Japan's energy "interests must not be undermined", Tokyo said Friday, after Moscow issued a decree transferring operations of a key oil and gas project to a new Russian company.
Japanese trading houses Mitsui and Mitsubishi Corp own 12.5 and 10 percent stakes respectively in the Sakhalin-2 project, but the future of their investments appears uncertain after the Russian move.
It calls for the establishment of a new Russian operator and requires existing foreign shareholders to apply for the right to participate in the new firm, with Moscow deciding on their inclusion.
Japanese government spokesman Seiji Kihara said Friday that Tokyo was "closely examining the impact on liquified natural gas imports".
"Speaking generally, we believe our resource interests must not be undermined," he added, declining to give further comment.
The decree says the move is a reaction to the "unfriendly actions" of countries that are imposing "restrictive measures" on Russia over its invasion of Ukraine.
It warns the Russian government will carry out a "financial, environmental and technical audit" of foreign stakeholders and identify any "damages" they have caused.
Those accused of such damages may be obliged to pay unspecified compensation, it adds.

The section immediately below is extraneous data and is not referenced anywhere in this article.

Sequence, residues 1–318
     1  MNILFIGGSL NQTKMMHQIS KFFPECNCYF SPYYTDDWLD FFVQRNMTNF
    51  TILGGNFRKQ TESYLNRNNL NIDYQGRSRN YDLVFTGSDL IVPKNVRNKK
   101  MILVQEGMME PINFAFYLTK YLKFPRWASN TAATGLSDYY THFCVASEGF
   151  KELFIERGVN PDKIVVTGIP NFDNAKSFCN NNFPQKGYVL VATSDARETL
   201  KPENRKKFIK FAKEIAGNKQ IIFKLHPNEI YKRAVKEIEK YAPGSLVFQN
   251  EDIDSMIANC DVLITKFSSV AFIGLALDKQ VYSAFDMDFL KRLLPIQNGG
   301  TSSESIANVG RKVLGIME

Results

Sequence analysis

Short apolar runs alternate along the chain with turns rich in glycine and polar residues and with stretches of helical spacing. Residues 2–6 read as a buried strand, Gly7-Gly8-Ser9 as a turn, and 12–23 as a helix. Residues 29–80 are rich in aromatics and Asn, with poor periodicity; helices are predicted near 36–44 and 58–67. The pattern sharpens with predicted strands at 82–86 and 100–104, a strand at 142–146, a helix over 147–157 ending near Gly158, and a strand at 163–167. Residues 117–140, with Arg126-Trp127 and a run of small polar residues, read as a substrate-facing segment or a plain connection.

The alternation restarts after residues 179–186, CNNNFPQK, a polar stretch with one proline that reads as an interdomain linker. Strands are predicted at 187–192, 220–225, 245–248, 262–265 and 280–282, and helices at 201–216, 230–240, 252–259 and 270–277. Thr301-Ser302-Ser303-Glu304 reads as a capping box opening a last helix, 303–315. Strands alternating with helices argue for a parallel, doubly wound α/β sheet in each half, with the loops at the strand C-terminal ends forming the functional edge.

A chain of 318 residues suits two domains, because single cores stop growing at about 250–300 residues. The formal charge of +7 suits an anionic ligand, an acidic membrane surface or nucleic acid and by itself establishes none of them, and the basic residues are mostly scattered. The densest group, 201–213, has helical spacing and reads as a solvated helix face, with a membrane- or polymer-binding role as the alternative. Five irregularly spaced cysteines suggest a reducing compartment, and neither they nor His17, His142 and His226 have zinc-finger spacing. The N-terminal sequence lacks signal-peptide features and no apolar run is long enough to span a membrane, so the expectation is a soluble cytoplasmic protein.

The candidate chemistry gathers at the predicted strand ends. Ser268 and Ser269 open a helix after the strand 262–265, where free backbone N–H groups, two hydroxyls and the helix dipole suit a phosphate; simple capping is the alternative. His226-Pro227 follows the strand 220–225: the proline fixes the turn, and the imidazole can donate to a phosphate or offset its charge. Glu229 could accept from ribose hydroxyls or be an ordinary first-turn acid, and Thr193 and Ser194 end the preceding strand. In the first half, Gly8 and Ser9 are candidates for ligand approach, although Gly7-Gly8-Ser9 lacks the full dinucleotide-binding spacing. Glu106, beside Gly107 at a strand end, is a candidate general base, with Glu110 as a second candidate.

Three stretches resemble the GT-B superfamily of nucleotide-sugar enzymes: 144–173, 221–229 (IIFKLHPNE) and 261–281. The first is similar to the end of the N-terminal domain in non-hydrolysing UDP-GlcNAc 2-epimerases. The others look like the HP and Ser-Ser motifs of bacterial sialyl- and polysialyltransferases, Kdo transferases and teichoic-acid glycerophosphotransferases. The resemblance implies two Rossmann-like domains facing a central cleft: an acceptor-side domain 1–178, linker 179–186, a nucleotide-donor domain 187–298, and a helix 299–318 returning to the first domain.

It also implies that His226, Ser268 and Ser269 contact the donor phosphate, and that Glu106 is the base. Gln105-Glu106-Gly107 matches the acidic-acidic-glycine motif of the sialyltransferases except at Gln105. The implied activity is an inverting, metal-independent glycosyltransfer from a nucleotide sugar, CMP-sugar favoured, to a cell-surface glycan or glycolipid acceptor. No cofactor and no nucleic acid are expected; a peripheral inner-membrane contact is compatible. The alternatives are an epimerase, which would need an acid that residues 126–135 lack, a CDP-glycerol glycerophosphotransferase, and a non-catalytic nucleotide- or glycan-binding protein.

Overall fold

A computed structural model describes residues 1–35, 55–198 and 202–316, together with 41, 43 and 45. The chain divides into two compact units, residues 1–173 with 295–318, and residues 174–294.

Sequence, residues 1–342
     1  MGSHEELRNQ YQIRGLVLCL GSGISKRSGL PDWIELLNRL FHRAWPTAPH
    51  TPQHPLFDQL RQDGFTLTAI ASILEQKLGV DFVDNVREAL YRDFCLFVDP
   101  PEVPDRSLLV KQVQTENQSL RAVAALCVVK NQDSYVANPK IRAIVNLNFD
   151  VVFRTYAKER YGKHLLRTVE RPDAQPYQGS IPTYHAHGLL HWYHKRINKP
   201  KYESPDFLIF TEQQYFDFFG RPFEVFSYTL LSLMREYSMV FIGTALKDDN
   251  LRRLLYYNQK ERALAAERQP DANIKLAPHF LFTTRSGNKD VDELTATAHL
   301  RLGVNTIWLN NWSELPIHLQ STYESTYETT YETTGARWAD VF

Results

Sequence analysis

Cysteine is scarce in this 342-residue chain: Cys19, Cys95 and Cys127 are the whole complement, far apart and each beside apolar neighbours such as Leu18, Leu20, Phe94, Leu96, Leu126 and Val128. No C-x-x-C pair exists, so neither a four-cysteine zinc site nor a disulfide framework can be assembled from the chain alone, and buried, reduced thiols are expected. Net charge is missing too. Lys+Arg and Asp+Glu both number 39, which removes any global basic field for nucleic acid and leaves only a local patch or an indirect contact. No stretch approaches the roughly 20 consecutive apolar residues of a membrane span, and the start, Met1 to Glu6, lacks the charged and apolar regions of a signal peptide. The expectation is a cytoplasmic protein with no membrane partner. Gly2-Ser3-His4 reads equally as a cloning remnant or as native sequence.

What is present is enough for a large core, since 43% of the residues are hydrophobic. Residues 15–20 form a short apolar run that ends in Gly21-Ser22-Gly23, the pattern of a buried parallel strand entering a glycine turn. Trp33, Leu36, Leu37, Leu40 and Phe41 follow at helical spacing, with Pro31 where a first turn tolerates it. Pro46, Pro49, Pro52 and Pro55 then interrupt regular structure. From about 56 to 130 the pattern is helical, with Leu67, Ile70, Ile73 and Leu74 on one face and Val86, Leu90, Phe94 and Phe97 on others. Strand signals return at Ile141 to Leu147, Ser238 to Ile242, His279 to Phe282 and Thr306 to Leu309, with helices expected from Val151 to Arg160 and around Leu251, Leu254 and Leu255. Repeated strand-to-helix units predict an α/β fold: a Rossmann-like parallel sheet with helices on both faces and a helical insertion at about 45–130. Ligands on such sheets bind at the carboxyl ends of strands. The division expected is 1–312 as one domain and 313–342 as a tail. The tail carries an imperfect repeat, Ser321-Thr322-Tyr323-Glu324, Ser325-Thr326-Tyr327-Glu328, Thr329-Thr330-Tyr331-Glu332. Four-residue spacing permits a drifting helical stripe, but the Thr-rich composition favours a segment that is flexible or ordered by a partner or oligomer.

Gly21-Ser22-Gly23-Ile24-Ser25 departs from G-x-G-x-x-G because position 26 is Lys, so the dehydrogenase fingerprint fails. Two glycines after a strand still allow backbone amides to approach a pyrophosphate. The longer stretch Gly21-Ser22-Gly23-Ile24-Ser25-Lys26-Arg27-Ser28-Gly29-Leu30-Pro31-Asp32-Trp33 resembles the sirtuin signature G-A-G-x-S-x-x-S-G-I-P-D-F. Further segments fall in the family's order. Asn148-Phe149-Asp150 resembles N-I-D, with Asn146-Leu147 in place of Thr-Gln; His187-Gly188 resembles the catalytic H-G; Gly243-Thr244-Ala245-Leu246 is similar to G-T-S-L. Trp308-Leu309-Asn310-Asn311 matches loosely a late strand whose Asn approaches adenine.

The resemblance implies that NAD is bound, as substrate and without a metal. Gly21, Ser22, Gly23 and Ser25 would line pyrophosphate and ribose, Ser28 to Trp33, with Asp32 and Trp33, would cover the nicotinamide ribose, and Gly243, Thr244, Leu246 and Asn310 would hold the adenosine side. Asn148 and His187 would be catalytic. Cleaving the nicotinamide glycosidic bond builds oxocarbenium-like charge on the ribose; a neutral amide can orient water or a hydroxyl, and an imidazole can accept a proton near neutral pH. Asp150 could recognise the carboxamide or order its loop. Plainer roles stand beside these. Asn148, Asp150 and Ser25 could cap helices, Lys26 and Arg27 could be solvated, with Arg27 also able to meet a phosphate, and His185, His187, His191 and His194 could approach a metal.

Energy resource-poor Japan relies heavily on LNG imports and had previously ruled out withdrawal from the Sakhalin-2 project despite joining Western-led energy sanctions on Russia over the invasion of Ukraine.
Spokesmen for Mitsubishi and Mitsui would say only that the firms were examining the details of the decree in coordination with the government.
The other major stakeholder in the project is oil giant Shell, which has already committed to selling its 27.5 percent stake.
Japan is heavily dependent on imported fossil fuels, in part because many of its nuclear reactors have been offline since the Fukushima meltdown in 2011.
Russia supplies nearly nine percent of Japan's LNG demands, with Australian exports accounting for about 40 percent of the Japanese market.
Japan is currently sweltering through a record heatwave and the government has warned several times in recent days of a power crunch in the Tokyo region.
On Friday, it began a three-month period in which it is asking residents to conserve power, with fears of shortages during the summer heat.